Dow nears 18,000 again
The Northwestern Mutual Wealth Management Company — Vail Valley
The possibility of the Federal Reserve raising its benchmark interest rate in December became a probability by week’s end thanks to a blockbuster jobs report, and investors hardly flinched.
In fact, the S&P 500 was up for the sixth week straight, and the Dow inched closer to going back over the 18,000-point mark for the first time since July 21. Meanwhile, the yield on the two-year Treasury, seen as a yardstick of the Fed’s intentions, rose to a five-year high, and, as measured by The Wall Street Journal’s Index, the dollar surged to its highest level since 2002
The Fed had planned to raise its rate back in September, but the threat of a sluggish global economy triggered by China’s slowdown and a stubbornly low rate of inflation kept it from pulling the trigger. However, a mid-summer stock slump has since been recouped. The Fed’s Chairwoman Janet Yellen, a proponent of transparency even before she took over the top job, has been hinting that signs of economic good health in America would be enough to make the Fed act. Last Wednesday, she appeared before the House Financial Services Committee and said that while no decision has been made, the economy is “performing well” and that “it could be appropriate” to raise the rate at the December meeting. If the recent run of good news continued, she said, “December would be a live possibility.”
It was Friday’s jobs report that seemed to persuade investors that the Fed would be ready to go at its last meeting of the year on Dec. 15 and 16, a meeting followed by a press conference at which Yellen could make her case in the event of a hike. A robust 271,000 jobs were created in October, well above the forecast of 186,000, and the totals for August and September were upwardly revised by 12,000, bringing this year’s monthly average to 206,000. In addition, the separately calculated household survey jobless rate fell to 5.0 percent from 5.1 percent. Perhaps best of all, average hourly earnings rose a solid 0.4 percent after having been flat in September, adding up to a year-to-year increase of 2.5 percent, the fastest pace since July 2009. The underemployment rate fell from 10 percent to 9.8 percent, its lowest point since May 2008. A year ago it was 11.1 percent but the labor force participation rate remained unchanged at a 38-year low of 62.4 percent.
Making the case for the Fed
That wasn’t the only news last week that could be seen as buttressing the Fed’s case. Auto sales soared in October, with the notable – and not surprising – exception of Volkswagen. In fact, it was the best October in a decade, with 1.46 million vehicles being sold, up 13.6 percent from a year ago, according to Autodata. Plus, the annualized selling rate was over 18 million vehicles for two months straight, the first time that’s happened since 2000. In addition, the Fed said that consumer credit rose by $28.9 billion in September, the biggest monthly jump since the government started keeping track in 1941. The Institute for Supply Management Nonmanufacturing Index climbed from 56.9 in September to 59.1 in October – services account for two-thirds of the economy. The trade gap narrowed to -$40.8 billion in September, its lowest level since February (though the gap with China hit a new high of -$36.3 billion).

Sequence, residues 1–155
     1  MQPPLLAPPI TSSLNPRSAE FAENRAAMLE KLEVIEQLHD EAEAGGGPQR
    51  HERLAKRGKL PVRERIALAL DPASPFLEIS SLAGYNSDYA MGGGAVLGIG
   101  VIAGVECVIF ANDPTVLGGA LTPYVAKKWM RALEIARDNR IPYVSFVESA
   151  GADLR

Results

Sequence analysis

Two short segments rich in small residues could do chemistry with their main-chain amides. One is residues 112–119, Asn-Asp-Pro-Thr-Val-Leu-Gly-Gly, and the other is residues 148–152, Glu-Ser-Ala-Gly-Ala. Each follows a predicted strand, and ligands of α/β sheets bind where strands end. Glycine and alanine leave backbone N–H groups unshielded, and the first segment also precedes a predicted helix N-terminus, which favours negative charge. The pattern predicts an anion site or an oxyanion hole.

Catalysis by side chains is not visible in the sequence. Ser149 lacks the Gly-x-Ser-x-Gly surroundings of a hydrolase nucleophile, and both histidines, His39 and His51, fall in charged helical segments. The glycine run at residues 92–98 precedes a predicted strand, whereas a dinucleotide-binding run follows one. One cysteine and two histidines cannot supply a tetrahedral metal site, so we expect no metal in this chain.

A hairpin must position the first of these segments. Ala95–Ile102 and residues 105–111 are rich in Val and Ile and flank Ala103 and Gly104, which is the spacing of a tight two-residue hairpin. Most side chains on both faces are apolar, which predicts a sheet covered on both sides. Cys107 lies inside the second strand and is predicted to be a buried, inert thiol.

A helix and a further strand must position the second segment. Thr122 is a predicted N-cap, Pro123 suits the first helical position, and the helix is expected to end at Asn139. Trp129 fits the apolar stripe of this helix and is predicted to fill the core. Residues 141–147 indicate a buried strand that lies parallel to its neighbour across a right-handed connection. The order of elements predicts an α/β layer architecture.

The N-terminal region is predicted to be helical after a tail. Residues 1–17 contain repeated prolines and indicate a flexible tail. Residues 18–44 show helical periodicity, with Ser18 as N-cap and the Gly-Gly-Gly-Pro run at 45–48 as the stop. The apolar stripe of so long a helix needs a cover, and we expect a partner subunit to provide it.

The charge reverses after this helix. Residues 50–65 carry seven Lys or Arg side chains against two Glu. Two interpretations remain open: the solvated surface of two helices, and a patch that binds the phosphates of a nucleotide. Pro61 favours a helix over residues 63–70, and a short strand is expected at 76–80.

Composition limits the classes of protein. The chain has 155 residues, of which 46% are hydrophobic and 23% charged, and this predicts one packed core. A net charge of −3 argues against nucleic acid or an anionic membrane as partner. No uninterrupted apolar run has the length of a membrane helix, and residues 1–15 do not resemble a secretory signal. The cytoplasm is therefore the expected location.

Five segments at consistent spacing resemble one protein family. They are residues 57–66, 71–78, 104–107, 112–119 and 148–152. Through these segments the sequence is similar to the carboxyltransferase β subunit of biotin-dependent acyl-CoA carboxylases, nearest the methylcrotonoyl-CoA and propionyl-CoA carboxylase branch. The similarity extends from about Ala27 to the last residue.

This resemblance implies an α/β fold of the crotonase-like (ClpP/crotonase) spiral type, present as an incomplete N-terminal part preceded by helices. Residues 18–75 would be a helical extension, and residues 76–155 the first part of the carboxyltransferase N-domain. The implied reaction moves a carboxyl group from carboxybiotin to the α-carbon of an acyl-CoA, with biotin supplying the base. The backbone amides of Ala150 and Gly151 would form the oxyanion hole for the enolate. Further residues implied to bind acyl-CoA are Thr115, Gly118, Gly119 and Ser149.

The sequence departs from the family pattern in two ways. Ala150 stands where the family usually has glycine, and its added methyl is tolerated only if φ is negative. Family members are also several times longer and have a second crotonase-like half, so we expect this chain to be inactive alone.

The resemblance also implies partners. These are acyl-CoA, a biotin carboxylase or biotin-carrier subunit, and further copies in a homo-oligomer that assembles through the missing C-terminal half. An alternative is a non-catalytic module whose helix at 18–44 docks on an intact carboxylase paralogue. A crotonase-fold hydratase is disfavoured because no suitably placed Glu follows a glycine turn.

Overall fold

Still, last week’s reports were not all upbeat. On Monday, the Institute for Supply Management Manufacturing Index fell to 50.1 in October from 50.2 the month before, its lowest reading since May of 2013 and one that put manufacturing on the brink of contraction. New orders for factory goods fell 1 percent in September after a revised drop of 2.1 percent in August.
The pipeline and the highways
After a seven-year review, President Obama cited global warming in rejecting the transcontinental Keystone XL pipeline, to the delight of environmentalists and the chagrin of the oil industry and the GOP. The House passed a bill to spend $300 billion to overhaul the nation’s roads and bridges, though the bill didn’t address the shortfall of the Federal Highway Trust Fund. That Fund is financed by a tax on gas. The rate hasn’t risen since 1993 and isn’t indexed for inflation, not to mention the fact that the GOP is adamantly against raising it. The bill has to be reconciled with the Senate version passed earlier this year.
China lowers its aim
China lowered its sights for GDP growth from 2016 to 2020 to 6.5 percent, well beyond the developed world, but a step back for an economy that registered double-digit expansion for decades. In comparison, the five-year plan that ends this year targeted annual growth of 7 percent. The new plan was released in a week during which China’s official Purchasing Manufactures’ Index for October came in unchanged at 49.8 (any reading below 50 signals contraction) while the Nonmanufacturing Index fell to 53.1, its lowest level since 2008.
Greece acts, but not fast enough
Greece’s parliament approved some of the steps demanded by its creditors to get the money for its third bailout, but put off some of the toughest legislation. Eurozone officials meet today to decide if more needs to be done for Greece to get the first bailout tranche of $2.2 billion.
A shutdown in Puerto Rico?
Beset by debt, Puerto Rico’s budget director said the government could run out of cash by Nov. 15, forcing a partial shutdown or reduced working hours for public employees.
A look ahead
This week’s updates will include the latest on small business optimism, wholesale inventories, retail sales, the Producer Price Index, business inventories and consumer confidence. The bond markets will be closed on Wednesday for Veterans Day but the equity markets will be open.
This commentary was prepared specifically for local wealth management advisers by Northwestern Mutual Wealth Management Company.
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